STEREOGUM: Now, the award is based not on who deserved or could have used to money the most, but at least ostensibly, it’s is based on merit, right? It’s supposed to push everything else to the side to say that this is the best album that came out of Canada in the last year. Have you heard the album?

ABRAHAM: [Laughs] I’ve never been a huge fan of Godspeed’s music, but I heard some of the record, and it was cool. I respect them more as a band, but it’s not really the music I listen to, and there’s other bands on the list whose records I haven’t gotten through either — not to discredit them in any way, shape, or form. I never claimed to have the best taste in music. I have very narrow tastes — I like this period of punk, love this period of hardcore, this period of noise rock, and then there’s obviously records and different bands scattered throughout like Metz or Purity Ring. But my music taste never reflects any award show. Maybe in the ’90s there was a poll on the Mullet Board forum that summed up the best releases of that year, but I don’t think I stand by that now. It never reflects my taste.

STEREOGUM: I really like the album.

ABRAHAM: That’s nothing against it! I mean, the Mercury Prize never reflects my taste, and the Oscars certainly never reflect my taste.

STEREOGUM: The Mercury Prize is crazy. That thing is all over the place.

ABRAHAM: Ultimately, I think awards are cool because they cause an argument for the music. I love when someone makes inflammatory lists, and I love when anyone makes an assertion about something being the greatest things ever. It causes people to say, “No, it’s not” and get upset. Someone did a list of the best punk of all time, and I was frothing at the mouth at the exclusions and inclusions on that list. I love that — I love reading lists when people do that. I think that’s part of the fun of being a music fan.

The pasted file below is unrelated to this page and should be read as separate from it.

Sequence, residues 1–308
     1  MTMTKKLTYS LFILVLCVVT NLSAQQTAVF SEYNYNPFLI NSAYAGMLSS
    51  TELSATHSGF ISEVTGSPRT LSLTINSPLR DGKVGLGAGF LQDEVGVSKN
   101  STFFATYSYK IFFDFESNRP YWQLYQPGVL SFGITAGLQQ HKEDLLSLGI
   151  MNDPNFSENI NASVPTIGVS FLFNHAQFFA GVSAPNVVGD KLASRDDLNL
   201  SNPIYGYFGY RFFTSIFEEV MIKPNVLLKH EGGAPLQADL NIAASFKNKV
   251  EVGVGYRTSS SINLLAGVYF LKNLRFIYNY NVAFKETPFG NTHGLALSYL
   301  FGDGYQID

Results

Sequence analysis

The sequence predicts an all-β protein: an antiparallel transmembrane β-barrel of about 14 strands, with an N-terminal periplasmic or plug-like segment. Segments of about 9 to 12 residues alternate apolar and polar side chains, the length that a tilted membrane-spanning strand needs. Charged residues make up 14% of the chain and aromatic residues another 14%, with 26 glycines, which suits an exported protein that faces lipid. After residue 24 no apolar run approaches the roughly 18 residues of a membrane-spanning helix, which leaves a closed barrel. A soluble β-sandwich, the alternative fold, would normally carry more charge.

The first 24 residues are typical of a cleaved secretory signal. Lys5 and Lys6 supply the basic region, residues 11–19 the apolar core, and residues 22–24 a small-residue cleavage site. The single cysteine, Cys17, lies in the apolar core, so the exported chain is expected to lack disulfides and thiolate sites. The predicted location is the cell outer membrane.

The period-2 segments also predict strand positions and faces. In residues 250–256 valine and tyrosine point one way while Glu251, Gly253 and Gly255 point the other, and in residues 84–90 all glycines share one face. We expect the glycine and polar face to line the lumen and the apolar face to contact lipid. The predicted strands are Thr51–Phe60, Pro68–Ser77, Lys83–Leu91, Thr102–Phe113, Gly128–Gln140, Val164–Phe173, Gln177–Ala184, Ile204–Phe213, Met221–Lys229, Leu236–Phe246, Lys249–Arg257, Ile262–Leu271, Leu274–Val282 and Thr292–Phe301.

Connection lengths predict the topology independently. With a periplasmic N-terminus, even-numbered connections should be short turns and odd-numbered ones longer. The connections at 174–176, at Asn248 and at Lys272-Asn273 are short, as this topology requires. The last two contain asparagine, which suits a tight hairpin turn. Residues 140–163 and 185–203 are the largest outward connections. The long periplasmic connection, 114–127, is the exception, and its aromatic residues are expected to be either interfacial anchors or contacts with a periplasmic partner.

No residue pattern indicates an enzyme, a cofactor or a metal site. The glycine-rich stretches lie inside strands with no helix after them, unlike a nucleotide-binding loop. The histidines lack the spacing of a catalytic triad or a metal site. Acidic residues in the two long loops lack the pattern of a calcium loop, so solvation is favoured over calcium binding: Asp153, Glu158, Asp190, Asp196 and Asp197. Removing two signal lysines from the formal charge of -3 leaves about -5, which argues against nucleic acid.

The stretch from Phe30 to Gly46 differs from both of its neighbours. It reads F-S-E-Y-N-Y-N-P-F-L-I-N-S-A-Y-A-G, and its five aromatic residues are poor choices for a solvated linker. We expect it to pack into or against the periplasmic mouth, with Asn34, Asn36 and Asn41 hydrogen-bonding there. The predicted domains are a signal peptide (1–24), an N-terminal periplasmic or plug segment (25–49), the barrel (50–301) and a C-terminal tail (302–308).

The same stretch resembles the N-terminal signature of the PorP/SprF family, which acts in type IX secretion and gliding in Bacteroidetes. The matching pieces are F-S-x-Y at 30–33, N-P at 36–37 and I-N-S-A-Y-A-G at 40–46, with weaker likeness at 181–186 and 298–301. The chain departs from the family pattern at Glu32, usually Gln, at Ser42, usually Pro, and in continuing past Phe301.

STEREOGUM: You guys are working on a record now, right?

ABRAHAM: Yeah. That’s why I didn’t go to the award show. Last night, we were recording “Year Of The Dragon,” which is the new Zodiac record. But we’re also working on the LP right now, and it’s coming to a head. We’re getting to the point where I’m going in to record vocals. We did some vocals, and they didn’t really work sonically because the recording set-up we used didn’t really work at the time. We tried it in a different spot, and it was pretty awful, so we’re re-recording vocals.

STEREOGUM: Are you feeling any pressure to outdo David Comes To Life at all?

ABRAHAM: Not at all. It’s one of those weird situations where, with everything I go into, I always used to be totally insecure about the reaction, but now I’m just kind of going with it. I think it’s going to be the theme of this record. It’s about living in this weird fantasy world where you have achieved everything you could have possibly hoped to want to have achieved, but at the same time feeling like you’ve compromised your beliefs a little bit to do so. But also finding a peace in being where you’re at and knowing that you’re holding onto it by a thread. Basically, I live and die by a review. Ultimately, that’s what sustains us — maybe not so much now as opposed to a couple years ago, but that’s what it comes down to for a lot of bands. It’s a weird spot to be dependent on being cool. Ultimately, I live and die on being cool by someone else’s definition. As soon as a band’s not cool anymore, it becomes hard to sustain it as a career. It doesn’t mean I’m going to stop doing it, but as far as doing it as a full-time gig, there will come a time where it would be impossible to do that and still be home for any length of time. You get this cool moment, but it’s not everlasting, so you have this paranoia of no longer being cool and hip because then the ride’s over. But I’ve had a great ride and have gotten to meet so many cool people.

I think, as a band, we’ve always tried to do what we do and hope for the best. This record is ultimately, for me, a concept record. I don’t know about Mike [Haliechuk] because he’s writing his songs his own way but, for me, this is a concept record. When David Comes To Life was done, we weren’t sure we were going to make another record because it felt weird to try and make a record after that. But now, it’s easy because this is a direct result of being in the band after David Comes To Life, and now I can see where my lyrics are going to come from. I think every record for me has been a concept record in a weird way because, ultimately, every record has been about some area of interest that I found fascinating at the time. I’m really excited to do these songs. Maybe not since really early on, but the stuff I’m saying is really coming from a place I want to say it right now. For David Comes To Life, I was doing that but through a character. But this time, I feel like I’m doing a direct address. I’m laying it out and saying, “Here’s what I’m fucking insecure about, and here’s what I feel weird about in music.” I hope that ultimately comes across, and that this is a record about accepting yourself, compromises and all, and where you’re at in your “music career.”